Could the pandemic trigger military action in the South China Sea?

Could the pandemic trigger military action in the South China Sea?

Rather than bringing China and the US closer together, the coronavirus has magnified tensions between them. But as they assert themselves at sea, observers warn of costly miscalculations.

Based in Yokosuka, Japan, the guided-missile destroyer was no stranger to the sensitive channel separating Taiwan and mainland China. In fact, this was its second passage this month through the 112-mile-wide waterway – defined as part of the South China Sea under international protocol.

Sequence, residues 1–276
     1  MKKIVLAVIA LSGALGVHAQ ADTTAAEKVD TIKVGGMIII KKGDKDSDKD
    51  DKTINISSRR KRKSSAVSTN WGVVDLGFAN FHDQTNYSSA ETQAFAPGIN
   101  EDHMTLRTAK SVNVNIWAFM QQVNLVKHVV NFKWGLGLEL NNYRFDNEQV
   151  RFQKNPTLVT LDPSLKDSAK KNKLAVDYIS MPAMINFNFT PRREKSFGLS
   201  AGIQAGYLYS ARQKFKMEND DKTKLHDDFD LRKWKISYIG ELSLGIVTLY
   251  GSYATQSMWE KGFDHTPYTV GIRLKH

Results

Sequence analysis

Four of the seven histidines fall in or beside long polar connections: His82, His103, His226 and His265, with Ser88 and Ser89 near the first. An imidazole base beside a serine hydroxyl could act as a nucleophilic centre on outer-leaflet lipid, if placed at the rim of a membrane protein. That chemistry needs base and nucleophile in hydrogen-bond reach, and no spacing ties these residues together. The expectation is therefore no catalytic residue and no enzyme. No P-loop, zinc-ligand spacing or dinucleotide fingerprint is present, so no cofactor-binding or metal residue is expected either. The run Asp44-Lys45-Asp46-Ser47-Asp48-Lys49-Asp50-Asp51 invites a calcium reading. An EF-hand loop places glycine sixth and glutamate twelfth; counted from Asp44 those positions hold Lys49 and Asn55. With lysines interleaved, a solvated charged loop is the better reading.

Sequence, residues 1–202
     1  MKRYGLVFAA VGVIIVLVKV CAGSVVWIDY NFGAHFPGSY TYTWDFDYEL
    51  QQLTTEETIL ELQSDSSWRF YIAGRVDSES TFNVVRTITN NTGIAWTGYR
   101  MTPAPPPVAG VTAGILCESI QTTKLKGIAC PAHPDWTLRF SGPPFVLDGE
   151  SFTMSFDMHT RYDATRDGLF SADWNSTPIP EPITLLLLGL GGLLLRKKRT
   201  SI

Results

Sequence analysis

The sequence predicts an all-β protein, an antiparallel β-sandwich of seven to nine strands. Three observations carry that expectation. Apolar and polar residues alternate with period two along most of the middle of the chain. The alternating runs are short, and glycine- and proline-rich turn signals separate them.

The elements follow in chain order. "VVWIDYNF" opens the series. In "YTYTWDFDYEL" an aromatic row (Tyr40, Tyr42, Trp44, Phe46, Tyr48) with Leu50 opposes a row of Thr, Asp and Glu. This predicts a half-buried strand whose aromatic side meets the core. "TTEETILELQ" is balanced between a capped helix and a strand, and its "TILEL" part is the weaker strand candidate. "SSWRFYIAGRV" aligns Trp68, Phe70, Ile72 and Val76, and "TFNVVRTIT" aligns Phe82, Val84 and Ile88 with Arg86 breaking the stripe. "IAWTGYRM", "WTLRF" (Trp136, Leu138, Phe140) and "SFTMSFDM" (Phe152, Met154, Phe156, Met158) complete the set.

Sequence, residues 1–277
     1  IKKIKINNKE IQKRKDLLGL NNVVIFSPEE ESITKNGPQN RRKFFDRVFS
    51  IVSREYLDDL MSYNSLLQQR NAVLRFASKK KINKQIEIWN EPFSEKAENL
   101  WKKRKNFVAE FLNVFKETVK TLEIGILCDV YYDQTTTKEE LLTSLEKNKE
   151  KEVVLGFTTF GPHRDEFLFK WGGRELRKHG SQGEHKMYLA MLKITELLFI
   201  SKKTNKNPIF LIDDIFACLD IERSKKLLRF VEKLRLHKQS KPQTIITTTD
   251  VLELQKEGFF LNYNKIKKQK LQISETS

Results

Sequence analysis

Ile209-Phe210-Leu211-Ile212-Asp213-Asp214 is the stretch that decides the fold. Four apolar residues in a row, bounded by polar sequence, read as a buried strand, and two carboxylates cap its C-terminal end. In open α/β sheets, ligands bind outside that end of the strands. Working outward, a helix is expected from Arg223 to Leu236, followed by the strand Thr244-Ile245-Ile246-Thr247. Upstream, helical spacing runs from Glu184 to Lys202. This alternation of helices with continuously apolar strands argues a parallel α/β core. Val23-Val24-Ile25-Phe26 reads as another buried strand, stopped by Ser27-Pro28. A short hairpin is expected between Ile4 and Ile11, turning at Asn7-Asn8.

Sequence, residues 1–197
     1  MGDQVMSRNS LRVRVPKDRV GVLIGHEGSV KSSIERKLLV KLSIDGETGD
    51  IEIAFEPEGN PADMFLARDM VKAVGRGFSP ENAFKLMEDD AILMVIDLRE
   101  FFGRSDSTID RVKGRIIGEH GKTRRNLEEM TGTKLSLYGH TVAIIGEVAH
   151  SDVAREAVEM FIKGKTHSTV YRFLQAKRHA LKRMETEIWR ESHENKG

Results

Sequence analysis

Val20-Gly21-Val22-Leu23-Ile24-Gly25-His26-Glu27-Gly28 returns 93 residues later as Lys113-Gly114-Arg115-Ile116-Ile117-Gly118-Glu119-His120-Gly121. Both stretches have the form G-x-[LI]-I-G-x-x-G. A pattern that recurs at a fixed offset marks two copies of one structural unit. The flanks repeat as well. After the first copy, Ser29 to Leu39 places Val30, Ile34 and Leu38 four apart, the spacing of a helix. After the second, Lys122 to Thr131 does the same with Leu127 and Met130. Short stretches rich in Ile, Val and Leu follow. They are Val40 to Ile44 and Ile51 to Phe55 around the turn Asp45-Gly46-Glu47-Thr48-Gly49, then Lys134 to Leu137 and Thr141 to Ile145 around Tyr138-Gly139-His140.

As the Covid-19 global health crisis continues to rage, infecting more than 3 million people and causing more than 210,000 deaths, military maneuvers are being analyzed to see if the pandemic has changed the balance of military force in the region.

The Chinese military has also made its presence felt in the Taiwan Strait. 

The Liaoning, China’s first aircraft carrier, paraded through the waterway with its strike group the day before the USS Barry arrived.